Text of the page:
# Power supply 9-12V. What is the actual max?

I have a lot of 12V power supplies. And arduino says power input 9-12V is allowed.

But regulated 12V supplies typically output 13.8V. Is that outside the allowed, or even recommended, range? I have 8(!) 12V supplies lying around, but not one 9V supply…

Time to get into the modern world.

If you must use the supplies, 13.8v will be okay but your current drawn needs to be low else the regulator will get too hot.
13.8v - 5v = 8.8v
If you were to draw 100mA this is 8.8v x .1A = 880mW needs to be dissipated by the regulator. ouch

You could feed your supplies to a buck converter set to 7 or 9v.

Yeah, so it’s not optimal. Seems such a weird thing, 9V. As a radio ham, I’m used to everything being 12V, and 12V supplies are ubiquitous. 9V, not so much…

The regulator on the Arduino PCB cannot dissipate much heat.

The Arduino regulator is only capable of suppling a low current load.

Which Arduino.
An easy way is to power via the USB socket, with a 5volt cellphone charger.
Leo..

In the world of digital electronics, 9V and 12V are equally "weird" because digital electronics usually run at 5V or 3.3V. Even if you power an Arduino with 9V or 12V, it is not actually running at that voltage, it is throwing away the extra voltage as heat so that it can run at a lower voltage, by employing a linear voltage regulator. That's wasteful, and there is a limit to how much heat can be dissipated before damage occurs.

So it's better to directly provide the 5V or 3.3V the Arduino circuit requires. You could use your 12V supplies for this, adapting them to produce the lower voltage using a DC-DC converter such as the one suggested above. But beware! These converters can produce large amounts of noise in radio frequency bands, the enemy of the radio ham. Careful shielding and filtering can reduce that, but it may be simpler to abandon your 12V supplies and get new 5V or 3.3V supplies. But that also presents a problem: modern 5/3.3V supplies will likely be switch-mode rather than linear types, so, again, there is the problem of RF noise.

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That is to provide the excess voltage needed to charge a 12V battery. Also maybe you are measuring off load?

...you surely know about linear regulators, power supplies in general etc?
I've never been into radio, but my father used to be involved in HAM radio before his interests shifted. Back then some basic electronics training was part of the process of getting a license in the first place. Things have changed, apparently?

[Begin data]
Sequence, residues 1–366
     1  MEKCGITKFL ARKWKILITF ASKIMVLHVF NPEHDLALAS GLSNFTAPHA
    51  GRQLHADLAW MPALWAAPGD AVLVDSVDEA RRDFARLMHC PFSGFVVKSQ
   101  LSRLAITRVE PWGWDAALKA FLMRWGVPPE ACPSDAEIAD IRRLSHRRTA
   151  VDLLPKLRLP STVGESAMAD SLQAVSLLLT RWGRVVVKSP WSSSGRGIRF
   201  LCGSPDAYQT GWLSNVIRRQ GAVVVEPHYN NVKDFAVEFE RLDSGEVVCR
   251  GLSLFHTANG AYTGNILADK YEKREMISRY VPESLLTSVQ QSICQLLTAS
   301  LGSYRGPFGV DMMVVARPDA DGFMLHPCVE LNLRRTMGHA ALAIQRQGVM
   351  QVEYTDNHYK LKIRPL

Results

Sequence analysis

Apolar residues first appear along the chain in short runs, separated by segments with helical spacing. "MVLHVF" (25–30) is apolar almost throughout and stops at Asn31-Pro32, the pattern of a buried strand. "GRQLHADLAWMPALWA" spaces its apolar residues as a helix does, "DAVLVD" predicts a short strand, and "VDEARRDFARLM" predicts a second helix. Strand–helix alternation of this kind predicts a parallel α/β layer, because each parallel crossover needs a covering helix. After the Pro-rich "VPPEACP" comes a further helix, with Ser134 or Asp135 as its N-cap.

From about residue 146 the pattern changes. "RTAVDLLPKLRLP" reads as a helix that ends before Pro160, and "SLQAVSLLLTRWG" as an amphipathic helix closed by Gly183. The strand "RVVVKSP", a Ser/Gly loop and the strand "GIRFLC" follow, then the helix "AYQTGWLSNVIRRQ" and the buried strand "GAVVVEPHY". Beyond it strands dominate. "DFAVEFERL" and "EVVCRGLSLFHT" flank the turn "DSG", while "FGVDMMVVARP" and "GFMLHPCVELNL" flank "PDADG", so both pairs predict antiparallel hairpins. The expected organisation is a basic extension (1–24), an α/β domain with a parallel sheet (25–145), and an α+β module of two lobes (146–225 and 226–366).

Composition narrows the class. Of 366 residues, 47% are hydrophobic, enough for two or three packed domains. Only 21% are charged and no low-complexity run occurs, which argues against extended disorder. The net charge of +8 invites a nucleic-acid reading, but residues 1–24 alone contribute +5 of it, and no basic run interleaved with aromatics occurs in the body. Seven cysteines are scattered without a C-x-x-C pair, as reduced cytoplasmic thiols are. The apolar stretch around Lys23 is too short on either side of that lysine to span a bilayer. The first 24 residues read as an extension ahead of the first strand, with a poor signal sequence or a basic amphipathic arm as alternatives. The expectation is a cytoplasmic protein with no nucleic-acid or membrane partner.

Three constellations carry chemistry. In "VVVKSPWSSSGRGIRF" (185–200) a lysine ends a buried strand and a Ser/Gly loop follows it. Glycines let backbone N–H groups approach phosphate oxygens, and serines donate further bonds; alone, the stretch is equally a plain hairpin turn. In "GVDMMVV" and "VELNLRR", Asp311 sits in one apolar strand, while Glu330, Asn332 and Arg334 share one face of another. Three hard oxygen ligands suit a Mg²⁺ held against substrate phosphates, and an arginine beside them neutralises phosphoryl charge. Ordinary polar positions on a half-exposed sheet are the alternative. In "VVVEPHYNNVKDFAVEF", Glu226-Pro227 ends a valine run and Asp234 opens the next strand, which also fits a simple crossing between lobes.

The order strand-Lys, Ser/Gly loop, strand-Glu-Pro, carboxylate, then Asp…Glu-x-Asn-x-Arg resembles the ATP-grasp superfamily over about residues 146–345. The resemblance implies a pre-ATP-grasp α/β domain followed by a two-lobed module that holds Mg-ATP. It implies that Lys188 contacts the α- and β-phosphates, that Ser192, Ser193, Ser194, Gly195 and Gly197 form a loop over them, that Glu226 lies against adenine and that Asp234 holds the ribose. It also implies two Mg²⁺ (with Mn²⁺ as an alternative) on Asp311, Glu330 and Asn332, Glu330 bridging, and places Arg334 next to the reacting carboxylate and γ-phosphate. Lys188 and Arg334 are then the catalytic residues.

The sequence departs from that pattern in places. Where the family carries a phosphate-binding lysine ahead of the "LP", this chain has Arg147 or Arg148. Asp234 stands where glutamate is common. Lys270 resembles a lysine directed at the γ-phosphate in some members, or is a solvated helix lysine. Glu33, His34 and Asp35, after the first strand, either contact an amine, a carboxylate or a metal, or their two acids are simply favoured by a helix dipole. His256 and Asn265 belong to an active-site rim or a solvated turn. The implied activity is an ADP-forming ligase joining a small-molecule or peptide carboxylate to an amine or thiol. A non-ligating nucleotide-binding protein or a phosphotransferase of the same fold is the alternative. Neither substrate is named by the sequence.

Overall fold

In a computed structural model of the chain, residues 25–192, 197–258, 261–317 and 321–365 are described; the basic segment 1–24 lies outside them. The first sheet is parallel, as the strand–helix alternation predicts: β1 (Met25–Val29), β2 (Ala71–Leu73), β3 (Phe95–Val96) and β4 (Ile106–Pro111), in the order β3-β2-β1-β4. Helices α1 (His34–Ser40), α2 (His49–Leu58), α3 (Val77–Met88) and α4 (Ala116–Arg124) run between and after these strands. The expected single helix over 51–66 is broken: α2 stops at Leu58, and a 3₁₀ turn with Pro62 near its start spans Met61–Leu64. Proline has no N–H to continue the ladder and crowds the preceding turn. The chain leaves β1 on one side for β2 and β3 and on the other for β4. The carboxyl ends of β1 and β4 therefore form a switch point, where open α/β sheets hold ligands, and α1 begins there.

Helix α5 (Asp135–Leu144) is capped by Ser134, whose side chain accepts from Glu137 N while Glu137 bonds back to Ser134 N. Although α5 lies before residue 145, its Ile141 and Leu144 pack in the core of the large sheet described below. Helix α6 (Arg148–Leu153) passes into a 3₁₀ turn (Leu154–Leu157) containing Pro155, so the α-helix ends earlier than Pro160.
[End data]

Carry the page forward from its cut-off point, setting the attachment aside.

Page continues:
Things may have changed, but they had when I got my degree in electronic engineering.

The issue is twofold: first, money. I don’t have terribly much of that. Second: most supplies now are switching supplies which can be quite noisy.

Michael VA3MVW

Things may have changed, but they had not when I got my degree in electronic engineering.

The issue is twofold: first, money. I don’t have terribly much of that. Second: most supplies now are switching supplies which can be quite noisy.

Michael VA3MVW

Yes, that’s why they are typically 13.8. And no, I am not measuring off load.

That’s what I do for most projects. But the one I am working on draws quite a lot of current.

How much current this converter can supply at the set voltage say 9V?

That one in the picture, who knows. But buck and boost regulators on small modules are available for a wide range of input, output and power specifications.

Just get good ones, stay well under the claims made for them and test them at the load you expect them to handle.

a7

Is there another way to modify your 12V PSU to output 5V? Maybe if the transformers have other "taps" on the low voltage coil which output 6~7V, you could replace the linear regulator with a 5V equivalent? Could be a little tricky finding a linear regulator with high current output but low dropout voltage, I certainly can't suggest one, but my knowledge of linear regulator models is limited.

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The reason to ask is the fact that the hobbyists should use low power (current rating usually < 2 A) PSU to avoid the erruption of smoke/fire in the breadboard due to possible short circuits (by mistake).

Srsly? That’s your way of dealing with the possibility of noobs making mistakes on bread boxes?

TBC, that’s a rhetorical question.

a7

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I observed people doing experiments with 5V supply of the PC and after a while they came up with total fire? They could not believe that the PSU would deliver so much power (5V x 13A = 65W); because, it is just a 5V supply!

That's why in UNO Board, the manufacturer has installed "Polymeric PTC Resettable Fuse 15V 500 mA" type high quality fuse in the 5V line to protect the PC and the user's hardware setup in case of possible shot circuts/overload.

Every wall adapter type 12V supplies I've ever measured were close to 12.00V. It's the larger supplies that are intended to charge batteries, as previously mentioned, or to power devices that normally run on lead acid 12V batteries, that produce 13.8V. It's a "float charge" voltage for those, and close to the fully charged operating voltage of such batteries.

Yup. I am not talking wall adapters, I should have clarified that.

Anyway, even 12V is obviously too much. I'll look for good 5V-ish supplies...